777X Test Failure Split Fuselage


A failure during the final pressurization test for Boeing’s 777X last September may have been worse than it first seemed, according to a new report by The Seattle Times. Originally thought to be a blown-out cargo door, images obtained by the Times show a significant breach in the fuselage just behind the wing. The failure reportedly occurred at 1.48 times the limit load, 1 percent short of FAA certification requirements.

It is believed that while Boeing will need to reinforce the area affected by the failure, it is unlikely that the company will be required to retest the aircraft as long as its analyses show that the problem has been adequately addressed. Boeing told the Times that a detailed analysis of the incident had not yet been completed but it believes it “will not have a significant impact on the design or … preparations for first flight.”

The 777X is expected to fly for the first time in 2020 with customer deliveries planned for 2021. The aircraft was originally slated for a first flight this year, but the date was moved back due to developmental problems with the GE-9X engine.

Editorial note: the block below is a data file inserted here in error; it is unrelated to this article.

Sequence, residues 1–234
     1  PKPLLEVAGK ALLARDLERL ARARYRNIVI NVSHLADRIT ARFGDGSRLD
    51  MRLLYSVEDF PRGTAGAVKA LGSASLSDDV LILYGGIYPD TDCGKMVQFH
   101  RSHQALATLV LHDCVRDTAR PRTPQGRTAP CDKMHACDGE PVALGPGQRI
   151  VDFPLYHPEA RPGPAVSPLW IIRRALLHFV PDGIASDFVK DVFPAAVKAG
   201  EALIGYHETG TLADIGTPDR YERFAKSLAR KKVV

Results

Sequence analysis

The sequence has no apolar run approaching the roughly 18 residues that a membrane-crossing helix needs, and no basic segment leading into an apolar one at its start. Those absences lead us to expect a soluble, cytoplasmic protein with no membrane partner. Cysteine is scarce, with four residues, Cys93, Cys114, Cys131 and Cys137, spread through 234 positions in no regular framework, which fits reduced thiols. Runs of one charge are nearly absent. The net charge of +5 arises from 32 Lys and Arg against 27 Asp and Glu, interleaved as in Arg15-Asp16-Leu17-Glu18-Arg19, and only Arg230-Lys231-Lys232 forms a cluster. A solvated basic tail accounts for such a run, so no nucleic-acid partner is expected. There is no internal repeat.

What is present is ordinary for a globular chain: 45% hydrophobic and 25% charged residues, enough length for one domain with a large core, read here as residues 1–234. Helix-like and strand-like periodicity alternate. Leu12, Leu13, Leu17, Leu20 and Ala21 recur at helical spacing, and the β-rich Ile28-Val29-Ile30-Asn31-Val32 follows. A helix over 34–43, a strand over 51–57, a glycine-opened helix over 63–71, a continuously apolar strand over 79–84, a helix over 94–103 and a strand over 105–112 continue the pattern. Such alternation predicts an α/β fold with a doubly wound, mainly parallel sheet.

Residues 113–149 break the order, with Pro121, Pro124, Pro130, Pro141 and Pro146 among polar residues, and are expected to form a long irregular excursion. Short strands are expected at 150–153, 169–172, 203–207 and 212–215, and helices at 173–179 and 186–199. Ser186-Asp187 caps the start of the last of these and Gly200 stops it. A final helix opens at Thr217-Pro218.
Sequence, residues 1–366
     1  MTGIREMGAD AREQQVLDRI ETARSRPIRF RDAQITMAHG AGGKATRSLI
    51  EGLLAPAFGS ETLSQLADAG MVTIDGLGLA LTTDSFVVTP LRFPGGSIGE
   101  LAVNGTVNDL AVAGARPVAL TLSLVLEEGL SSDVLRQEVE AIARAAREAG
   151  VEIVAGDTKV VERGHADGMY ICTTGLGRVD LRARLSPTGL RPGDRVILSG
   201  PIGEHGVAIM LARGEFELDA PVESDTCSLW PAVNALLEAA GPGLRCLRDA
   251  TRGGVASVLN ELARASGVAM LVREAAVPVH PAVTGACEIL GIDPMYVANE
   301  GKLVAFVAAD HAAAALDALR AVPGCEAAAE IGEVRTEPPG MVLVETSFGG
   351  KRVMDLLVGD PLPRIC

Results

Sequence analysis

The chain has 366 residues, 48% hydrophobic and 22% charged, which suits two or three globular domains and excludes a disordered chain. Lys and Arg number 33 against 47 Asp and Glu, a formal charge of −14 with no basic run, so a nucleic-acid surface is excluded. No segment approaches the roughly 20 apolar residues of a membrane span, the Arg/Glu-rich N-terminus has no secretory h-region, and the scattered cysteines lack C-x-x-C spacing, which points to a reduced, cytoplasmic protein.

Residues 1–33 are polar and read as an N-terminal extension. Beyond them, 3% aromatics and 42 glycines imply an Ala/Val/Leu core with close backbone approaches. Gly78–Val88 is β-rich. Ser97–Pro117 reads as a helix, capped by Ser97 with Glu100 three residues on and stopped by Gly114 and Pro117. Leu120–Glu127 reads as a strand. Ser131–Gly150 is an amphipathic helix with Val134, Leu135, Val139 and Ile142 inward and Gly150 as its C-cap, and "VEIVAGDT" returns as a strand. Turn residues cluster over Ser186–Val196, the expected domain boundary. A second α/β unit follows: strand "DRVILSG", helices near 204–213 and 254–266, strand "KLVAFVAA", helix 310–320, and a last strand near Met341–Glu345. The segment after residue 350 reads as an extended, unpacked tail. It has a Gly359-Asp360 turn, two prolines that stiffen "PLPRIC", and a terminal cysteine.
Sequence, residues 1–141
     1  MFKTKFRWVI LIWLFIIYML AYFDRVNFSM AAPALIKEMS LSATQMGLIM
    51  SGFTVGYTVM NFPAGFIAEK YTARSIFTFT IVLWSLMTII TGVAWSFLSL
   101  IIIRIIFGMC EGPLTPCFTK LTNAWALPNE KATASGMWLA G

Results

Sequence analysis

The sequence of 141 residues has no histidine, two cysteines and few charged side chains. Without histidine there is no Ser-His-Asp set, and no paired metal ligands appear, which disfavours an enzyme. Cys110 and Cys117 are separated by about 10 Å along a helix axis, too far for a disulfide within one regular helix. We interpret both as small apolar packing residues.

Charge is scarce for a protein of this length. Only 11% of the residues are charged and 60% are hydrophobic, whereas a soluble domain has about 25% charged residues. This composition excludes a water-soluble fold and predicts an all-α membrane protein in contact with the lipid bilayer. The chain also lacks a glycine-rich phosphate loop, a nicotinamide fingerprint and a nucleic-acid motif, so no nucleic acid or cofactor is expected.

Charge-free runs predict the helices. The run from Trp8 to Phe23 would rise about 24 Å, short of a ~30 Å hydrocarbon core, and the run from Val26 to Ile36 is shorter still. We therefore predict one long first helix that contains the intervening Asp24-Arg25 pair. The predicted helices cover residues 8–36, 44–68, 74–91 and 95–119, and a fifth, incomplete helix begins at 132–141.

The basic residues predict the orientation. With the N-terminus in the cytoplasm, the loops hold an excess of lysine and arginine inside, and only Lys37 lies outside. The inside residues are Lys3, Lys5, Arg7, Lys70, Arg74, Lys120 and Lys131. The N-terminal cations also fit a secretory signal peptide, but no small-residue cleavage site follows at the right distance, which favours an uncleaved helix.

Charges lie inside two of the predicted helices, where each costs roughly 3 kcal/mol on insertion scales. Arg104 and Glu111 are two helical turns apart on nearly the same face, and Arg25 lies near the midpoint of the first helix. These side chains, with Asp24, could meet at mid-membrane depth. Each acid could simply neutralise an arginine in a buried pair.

Kate O'Connor
Kate O’Connor works as AVweb's Editor-in-Chief. She is a private pilot, certificated aircraft dispatcher, and graduate of Embry-Riddle Aeronautical University.

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  1. I would assume that new airframes always start as light as possible and then add strength/weight if a problem is found. I would also assume all airframes find things after meeting the regs that need AD’s. It sounds like normal teething pains on a new design.

  2. Similar.

    Sep 7, 1985 · The JAL plane slammed into the mountain in central Japan during a Tokyo-to-Osaka flight, after part of the tail fin broke apart and the pilot lost control of the plane. Boeing said its examination of the JAL wreckage showed that “a decompression occurred in flight due to a rupture of the aft pressure bulkhead.”